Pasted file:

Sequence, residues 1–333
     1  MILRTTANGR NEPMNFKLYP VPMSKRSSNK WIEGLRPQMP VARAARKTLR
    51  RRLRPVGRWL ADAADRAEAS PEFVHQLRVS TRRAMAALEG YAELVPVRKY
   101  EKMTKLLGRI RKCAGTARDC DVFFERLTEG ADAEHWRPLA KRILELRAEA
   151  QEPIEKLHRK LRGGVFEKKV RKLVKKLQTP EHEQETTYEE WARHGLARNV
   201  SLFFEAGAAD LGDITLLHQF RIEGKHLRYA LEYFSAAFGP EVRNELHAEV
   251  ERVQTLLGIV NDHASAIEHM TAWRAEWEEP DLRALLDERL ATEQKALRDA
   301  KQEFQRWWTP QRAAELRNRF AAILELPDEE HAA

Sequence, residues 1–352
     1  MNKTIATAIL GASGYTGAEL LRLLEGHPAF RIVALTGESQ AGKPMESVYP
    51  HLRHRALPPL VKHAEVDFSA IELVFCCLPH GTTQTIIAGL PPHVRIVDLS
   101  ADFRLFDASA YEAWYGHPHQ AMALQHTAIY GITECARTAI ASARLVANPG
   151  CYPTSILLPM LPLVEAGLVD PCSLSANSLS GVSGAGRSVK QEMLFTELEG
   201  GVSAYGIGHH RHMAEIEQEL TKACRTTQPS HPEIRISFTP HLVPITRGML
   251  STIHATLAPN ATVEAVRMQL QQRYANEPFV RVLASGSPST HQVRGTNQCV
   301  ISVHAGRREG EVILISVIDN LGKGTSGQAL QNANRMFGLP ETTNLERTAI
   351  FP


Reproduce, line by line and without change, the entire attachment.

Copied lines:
Sequence, residues 1–333
     1  MILRTTANGR NEPMNFKLYP VPMSKRSSNK WIEGLRPQMP VARAARKTLR
    51  RRLRPVGRWL ADAADRAEAS PEFVHQLRVS TRRAMAALEG YAELVPVRKY
   101  EKMTKLLGRI RKCAGTARDC DVFFERLTEG ADAEHWRPLA KRILELRAEA
   151  QEPIEKLHRK LRGGVFEKKV RKLVKKLQTP EHEQETTYEE WARHGLARNV
   201  SLFFEAGAAD LGDITLLHQF RIEGKHLRYA LEYFSAAFGP EVRNELHAEV
   251  ERVQTLLGIV NDHASAIEHM TAWRAEWEEP DLRALLDERL ATEQKALRDA
   301  KQEFQRWWTP QRAAELRNRF AAILELPDEE HAA

Sequence, residues 1–352
     1  MNKTIATAIL GASGYTGAEL LRLLEGHPAF RIVALTGESQ AGKPMESVYP
    51  HLRHRALPPL VKHAEVDFSA IELVFCCLPH GTTQTIIAGL PPHVRIVDLS
   101  ADFRLFDASA YEAWYGHPHQ AMALQHTAIY GITECARTAI ASARLVANPG
   151  CYPTSILLPM LPLVEAGLVD PCSLSANSLS GVSGAGRSVK QEMLFTELEG
   201  GVSAYGIGHH RHMAEIEQEL TKACRTTQPS HPEIRISFTP HLVPITRGML
   251  STIHATLAPN ATVEAVRMQL QQRYANEPFV RVLASGSPST HQVRGTNQCV
   301  ISVHAGRREG EVILISVIDN LGKGTSGQAL QNANRMFGLP ETTNLERTAI
   351  FP